16.2. Remember, epithelial tissue is basically rows of cells. It doesn’t have the extracellular component that is part of connective tissue (in bone that is the calcium and fibers holding it together; in blood it’s the plasma). In the skin, the epithelium is stratified, which means it consists of many layers. The bottom layer anchors the epidermis to the underlying tissue. It is very regenerative and constantly produces new cells, which are then pushed upward towards the surface, slowly drying out and accumulating the protein keratin, which makes them hard and waterproof. What are the four main epidermal layers called?
16.3. The main cell type in the epidermis is the keratinocyte. Others concern themselves with transforming touch and pressure into a nerve signal that is sent to the brain. Some are designed to protect us against UV light from the sun. Another cell type again protects us against invaders and are actually resident macrophages. What are the different cell types described called?
16.4. The underlying dermis is connective tissue, which has a few important properties. For once, its extracellular matrix contains fibers, which prevent the skin from tearing. Peg-like projections of the top dermal layer increase the surface area to help anchor the epidermis to the underlying tissue. What is the top dermal layer called?
16.5. We learned from the immune system chapter that the first line of defense is the skin because it creates a boundary keeping ‘bad’ stuff from entering the body. Can you list a few other functions of the integumentary system?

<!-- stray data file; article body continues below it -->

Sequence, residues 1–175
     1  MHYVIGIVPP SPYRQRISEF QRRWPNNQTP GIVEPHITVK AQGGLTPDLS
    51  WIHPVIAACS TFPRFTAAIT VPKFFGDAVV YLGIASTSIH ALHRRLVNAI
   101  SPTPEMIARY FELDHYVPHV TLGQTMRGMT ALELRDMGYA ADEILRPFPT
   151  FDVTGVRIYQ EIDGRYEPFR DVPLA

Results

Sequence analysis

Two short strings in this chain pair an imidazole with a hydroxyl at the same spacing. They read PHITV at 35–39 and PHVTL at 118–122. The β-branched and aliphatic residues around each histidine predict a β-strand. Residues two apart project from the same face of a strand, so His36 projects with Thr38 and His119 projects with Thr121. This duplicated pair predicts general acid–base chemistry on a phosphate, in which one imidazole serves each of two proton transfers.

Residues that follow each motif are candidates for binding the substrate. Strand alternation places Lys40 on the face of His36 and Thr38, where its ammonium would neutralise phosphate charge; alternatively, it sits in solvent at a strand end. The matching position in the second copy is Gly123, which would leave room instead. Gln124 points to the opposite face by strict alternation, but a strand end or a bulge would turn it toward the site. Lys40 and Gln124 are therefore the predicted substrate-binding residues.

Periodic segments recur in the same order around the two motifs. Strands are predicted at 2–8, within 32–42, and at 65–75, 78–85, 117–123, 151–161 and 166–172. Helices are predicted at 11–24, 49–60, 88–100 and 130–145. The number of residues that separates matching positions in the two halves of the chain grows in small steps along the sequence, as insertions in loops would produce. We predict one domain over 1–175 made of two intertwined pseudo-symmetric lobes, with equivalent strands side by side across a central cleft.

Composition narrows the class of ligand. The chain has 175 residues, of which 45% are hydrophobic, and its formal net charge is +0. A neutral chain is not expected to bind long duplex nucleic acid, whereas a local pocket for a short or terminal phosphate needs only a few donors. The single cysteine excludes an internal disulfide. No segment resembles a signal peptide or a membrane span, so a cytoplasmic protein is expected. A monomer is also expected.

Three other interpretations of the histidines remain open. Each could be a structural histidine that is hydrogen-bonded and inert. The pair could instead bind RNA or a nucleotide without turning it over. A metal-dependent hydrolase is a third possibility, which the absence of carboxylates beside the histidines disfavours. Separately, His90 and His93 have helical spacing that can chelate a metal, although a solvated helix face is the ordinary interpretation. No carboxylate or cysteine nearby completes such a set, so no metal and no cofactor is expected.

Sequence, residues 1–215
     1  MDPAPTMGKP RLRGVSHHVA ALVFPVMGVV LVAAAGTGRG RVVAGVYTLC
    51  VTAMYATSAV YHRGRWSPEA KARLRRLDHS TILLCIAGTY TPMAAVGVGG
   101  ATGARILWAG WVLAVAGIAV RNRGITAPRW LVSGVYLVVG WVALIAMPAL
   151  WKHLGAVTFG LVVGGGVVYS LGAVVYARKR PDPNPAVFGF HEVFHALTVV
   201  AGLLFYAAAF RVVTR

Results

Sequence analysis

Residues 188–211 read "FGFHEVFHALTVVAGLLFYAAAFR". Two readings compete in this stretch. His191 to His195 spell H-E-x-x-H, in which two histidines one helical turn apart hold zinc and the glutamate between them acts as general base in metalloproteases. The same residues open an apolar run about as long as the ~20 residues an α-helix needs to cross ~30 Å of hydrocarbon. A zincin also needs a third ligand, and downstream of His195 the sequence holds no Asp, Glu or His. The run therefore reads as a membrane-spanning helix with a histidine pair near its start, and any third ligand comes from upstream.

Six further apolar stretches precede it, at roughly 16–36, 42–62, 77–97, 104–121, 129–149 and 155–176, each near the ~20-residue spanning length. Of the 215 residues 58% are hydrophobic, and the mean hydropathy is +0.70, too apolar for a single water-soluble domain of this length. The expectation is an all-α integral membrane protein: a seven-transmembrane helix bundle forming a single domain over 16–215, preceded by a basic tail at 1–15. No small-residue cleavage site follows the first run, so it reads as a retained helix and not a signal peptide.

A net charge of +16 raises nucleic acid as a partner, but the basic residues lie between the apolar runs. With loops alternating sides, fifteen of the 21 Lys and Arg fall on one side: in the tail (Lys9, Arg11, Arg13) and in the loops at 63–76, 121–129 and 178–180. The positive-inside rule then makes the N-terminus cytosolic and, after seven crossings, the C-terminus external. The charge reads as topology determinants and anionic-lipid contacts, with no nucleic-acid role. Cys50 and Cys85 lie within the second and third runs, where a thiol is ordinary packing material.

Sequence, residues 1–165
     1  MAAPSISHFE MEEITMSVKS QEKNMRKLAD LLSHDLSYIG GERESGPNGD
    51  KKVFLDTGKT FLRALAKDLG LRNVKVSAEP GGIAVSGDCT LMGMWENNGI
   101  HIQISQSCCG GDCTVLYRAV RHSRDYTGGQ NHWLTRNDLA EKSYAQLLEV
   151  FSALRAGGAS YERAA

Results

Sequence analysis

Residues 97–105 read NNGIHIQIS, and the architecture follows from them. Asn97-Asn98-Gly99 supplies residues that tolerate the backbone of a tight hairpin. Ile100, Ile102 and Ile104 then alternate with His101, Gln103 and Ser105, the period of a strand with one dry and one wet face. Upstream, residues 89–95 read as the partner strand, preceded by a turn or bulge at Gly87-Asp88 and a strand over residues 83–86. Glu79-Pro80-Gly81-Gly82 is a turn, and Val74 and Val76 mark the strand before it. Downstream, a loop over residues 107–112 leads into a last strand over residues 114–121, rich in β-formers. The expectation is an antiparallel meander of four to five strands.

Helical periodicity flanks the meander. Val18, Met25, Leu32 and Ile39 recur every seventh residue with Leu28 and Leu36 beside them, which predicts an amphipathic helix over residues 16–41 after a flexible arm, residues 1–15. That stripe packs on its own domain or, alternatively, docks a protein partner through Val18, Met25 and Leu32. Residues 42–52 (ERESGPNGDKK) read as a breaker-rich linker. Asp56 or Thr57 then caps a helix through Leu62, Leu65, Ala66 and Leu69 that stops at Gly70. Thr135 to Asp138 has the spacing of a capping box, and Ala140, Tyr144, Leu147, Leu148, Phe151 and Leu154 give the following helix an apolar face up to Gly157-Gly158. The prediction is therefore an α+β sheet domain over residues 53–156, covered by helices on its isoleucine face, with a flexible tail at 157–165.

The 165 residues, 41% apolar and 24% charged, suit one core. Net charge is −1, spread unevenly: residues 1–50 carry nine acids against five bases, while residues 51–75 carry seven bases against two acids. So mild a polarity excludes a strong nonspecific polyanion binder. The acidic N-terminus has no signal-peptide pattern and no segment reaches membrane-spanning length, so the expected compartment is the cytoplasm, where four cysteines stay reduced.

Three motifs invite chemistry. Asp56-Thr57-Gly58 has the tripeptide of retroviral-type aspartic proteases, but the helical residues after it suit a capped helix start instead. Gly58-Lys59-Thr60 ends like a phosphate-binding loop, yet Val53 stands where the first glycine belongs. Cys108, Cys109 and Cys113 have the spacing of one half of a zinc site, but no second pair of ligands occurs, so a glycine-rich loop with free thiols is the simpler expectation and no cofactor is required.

16.6. Have you ever wondered where sweat comes from or what it actually is? Well, it comes from, you guessed right, sweat glands. Can you name the other skin gland type, the one that secretes an oily substance?
16.7. Hair is absolutely cool! When I shaved my head once, I started hitting it all over the place. It was then that I realized hairs protection, because it helped me sense objects before the head hit them. Another great advantage hair provides can be observed in furry animals. When a cat, for example, fears an attack, it’s neck hairs stand up to make it look bigger and more scary. Hair exits the body at an angle. A muscle attached to its shaft and the skin above it can straighten it out when contract. What are those muscles called?
16.8. Nails are another skin appendage that are quite curious. Visualize not having them and skin would cover both ends of a finger. That would make it quite difficult picking up small objects and manipulating them. What tissue type are nails made off?
Please email the answer back to email@example.com before class. Thank you.
No lab for this class.